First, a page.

As temperatures start to fall PHE is urging people to think now how the onset of cooler weather could impact their health.

Every year more than 25,000 extra people die in England over the winter period and many of these deaths are, experts say, preventable.

Today (1 December 2014) the Met Office has said that by later this week we will get our first taste of cooler weather and temperatures are expected to fall to about what we’d expect for this time of year.

The winter planning period started on November 1 2014 when PHE and the Met Office began its cold weather alert system, a programme which enables the agencies to make public warnings when particularly chilly weather is forecast. The Met Office’s winter season begins today.

Mark Wilson, a meteorologist Met Office, said, ‘With today being the start of winter, this week looks likely to see temperatures falling closer to the early December average. This means that by day, temperatures will be around 7 to 10 Celsius, with some nights seeing temperatures fall close to freezing, particularly in more rural areas. As we look ahead to the rest of December, a return to the unseasonably mild conditions of recent times is not currently expected.’

Dr Angie Bone, Head of Extreme Events and Health Protection at Public Health England, said, ‘Cold weather can lead to serious health problems, such as heart attacks and strokes, and can make chest diseases worse.

So before the really cold weather arrives this winter think now how the cold may have an effect on your friends and family. The impact of cold weather is felt most by older people, the very young and those who have pre-existing health conditions, if you know someone in one of these groups, and most of us do, have a look at the cold weather plan or the Keep Warm Keep Well leaflet for practical guidance on what to do to.

Much of our advice on protecting health indoors is common sense. People should eat warm food and drink hot drinks, heat homes to at least 18C and move about to keep warm. But it’s worth repeating this as some people find these things difficult to do without help. We’re also urging everyone to think of someone they know who may be affected by the cold, an elderly relative, friend or neighbour, someone not in the best of health or with very young children, to take the time to think about what you can do to help protect their health this winter.’

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Professor Keith Willett, NHS England’s clinical director for acute care, said, ‘As a doctor who has spent some 30 years working in A&E, every winter, doctors and nurses see a big increase in the number of people, particularly older and frail people, who are admitted to hospital because of respiratory or other chronic conditions usually worsened by immobility, the cold and viral illnesses.’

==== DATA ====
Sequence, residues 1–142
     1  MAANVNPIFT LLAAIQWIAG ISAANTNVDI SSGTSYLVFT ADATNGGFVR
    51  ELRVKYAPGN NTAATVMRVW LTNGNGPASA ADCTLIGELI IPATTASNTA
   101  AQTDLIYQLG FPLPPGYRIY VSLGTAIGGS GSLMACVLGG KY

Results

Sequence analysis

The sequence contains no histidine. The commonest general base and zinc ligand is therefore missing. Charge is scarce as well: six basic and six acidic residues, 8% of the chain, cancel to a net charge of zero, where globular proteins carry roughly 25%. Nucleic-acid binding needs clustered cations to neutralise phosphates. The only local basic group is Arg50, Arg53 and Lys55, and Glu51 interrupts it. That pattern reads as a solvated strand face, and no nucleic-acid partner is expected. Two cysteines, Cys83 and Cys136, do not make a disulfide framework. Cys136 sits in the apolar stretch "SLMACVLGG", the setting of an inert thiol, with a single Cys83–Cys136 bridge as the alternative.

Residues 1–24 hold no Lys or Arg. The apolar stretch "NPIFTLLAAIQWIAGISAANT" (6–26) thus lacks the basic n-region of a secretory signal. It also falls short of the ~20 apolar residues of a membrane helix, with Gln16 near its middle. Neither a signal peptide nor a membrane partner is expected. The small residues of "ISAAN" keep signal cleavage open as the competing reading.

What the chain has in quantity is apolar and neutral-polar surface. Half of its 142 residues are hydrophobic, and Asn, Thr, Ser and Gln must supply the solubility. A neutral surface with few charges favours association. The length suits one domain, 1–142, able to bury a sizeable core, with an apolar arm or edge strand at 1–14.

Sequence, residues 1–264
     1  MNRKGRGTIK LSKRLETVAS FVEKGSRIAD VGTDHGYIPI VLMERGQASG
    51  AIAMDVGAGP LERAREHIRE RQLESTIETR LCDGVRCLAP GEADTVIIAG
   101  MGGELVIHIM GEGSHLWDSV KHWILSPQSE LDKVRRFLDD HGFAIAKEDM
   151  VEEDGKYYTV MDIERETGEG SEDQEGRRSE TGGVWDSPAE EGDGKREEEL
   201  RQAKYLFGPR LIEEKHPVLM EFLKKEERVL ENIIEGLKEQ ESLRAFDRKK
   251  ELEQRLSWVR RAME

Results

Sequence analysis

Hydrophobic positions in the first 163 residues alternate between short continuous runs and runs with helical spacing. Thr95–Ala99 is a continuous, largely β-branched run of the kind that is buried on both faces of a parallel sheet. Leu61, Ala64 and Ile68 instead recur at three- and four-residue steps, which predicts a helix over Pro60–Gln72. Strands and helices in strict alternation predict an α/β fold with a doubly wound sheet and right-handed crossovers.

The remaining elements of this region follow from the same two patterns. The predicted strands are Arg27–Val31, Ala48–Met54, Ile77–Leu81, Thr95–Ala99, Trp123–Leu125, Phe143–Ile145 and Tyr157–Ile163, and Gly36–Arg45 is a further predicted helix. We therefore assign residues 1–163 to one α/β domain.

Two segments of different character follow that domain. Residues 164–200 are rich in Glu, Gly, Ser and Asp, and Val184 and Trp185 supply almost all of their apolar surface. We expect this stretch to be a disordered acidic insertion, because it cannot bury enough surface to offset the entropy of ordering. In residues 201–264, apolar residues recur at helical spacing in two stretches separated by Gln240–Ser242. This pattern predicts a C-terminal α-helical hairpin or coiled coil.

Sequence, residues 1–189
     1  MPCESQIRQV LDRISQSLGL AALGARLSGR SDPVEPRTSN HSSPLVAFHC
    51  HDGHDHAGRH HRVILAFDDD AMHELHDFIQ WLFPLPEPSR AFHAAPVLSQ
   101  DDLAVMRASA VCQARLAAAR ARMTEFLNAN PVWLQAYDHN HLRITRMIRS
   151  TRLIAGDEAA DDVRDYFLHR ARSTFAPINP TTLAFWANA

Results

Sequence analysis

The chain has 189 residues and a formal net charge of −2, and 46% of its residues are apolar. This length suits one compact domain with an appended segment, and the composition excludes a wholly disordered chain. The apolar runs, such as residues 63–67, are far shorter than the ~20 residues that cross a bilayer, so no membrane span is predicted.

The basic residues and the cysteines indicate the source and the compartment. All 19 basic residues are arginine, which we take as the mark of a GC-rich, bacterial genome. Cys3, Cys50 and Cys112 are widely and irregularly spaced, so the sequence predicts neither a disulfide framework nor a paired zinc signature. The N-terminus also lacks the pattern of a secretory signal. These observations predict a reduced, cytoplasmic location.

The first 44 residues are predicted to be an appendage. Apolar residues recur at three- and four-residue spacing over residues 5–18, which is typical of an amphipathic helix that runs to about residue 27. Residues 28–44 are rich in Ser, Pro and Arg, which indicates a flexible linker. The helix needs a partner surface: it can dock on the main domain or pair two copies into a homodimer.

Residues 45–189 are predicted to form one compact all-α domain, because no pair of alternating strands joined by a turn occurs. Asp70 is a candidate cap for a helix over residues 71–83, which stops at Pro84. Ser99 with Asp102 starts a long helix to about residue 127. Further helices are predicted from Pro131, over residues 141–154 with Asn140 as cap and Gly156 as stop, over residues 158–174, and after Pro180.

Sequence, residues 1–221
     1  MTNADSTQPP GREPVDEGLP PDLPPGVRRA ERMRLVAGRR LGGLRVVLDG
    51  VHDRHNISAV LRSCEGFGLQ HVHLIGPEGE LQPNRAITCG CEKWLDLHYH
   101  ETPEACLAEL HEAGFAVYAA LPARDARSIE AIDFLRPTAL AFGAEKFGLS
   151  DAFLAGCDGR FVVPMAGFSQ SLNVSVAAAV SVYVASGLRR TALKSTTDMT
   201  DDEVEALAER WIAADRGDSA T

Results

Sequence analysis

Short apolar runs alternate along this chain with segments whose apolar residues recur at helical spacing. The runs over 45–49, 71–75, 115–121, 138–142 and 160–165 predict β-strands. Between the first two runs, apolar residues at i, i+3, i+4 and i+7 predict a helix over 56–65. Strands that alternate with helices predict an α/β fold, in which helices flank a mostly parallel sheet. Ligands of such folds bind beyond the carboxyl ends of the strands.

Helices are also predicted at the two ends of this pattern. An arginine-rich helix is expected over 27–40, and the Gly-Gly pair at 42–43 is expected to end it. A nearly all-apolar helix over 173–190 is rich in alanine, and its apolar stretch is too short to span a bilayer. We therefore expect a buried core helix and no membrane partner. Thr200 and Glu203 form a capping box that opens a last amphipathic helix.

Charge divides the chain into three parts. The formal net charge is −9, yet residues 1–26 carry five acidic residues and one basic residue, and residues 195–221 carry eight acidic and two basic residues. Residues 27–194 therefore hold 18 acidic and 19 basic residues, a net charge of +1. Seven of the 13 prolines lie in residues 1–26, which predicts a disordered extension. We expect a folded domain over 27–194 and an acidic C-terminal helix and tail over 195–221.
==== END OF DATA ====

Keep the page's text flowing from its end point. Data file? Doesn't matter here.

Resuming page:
People often don’t seek advice for wheezes, coughs and sneezes because they don’t think it’s serious enough. Our advice is visit your pharmacist if you’re feeling under the weather, no problem is too small and they are a highly trained and trusted source of health advice.

Follow #winterready (for message alert levels 0 and 1) and #weatheraware (alert levels 2 to 4) on Twitter for winter health advice.

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Top tips keep yourself healthy and your home warm this winter:

have the flu vaccine if you’re eligible
heat your home to at least 18C to minimise the risk to health, if heating the whole house is a problem heat the living room during the day and your bedroom just before you go to sleep
wear a few layers of thin clothing rather than one thick layer, and when you need to go outside wear shoes with slip resistant, good grip soles
have all gas, solid fuel and oil burning appliances (i.e. boilers, heaters, cookers) serviced by a registered engineer
undertake energy efficiency improvements to your home or encourage your landlord to do so
look out for older friends and neighbours, those with existing health conditions or young children
protect water pipes from freezing by insulating them
information about heating benefits you may be eligible for

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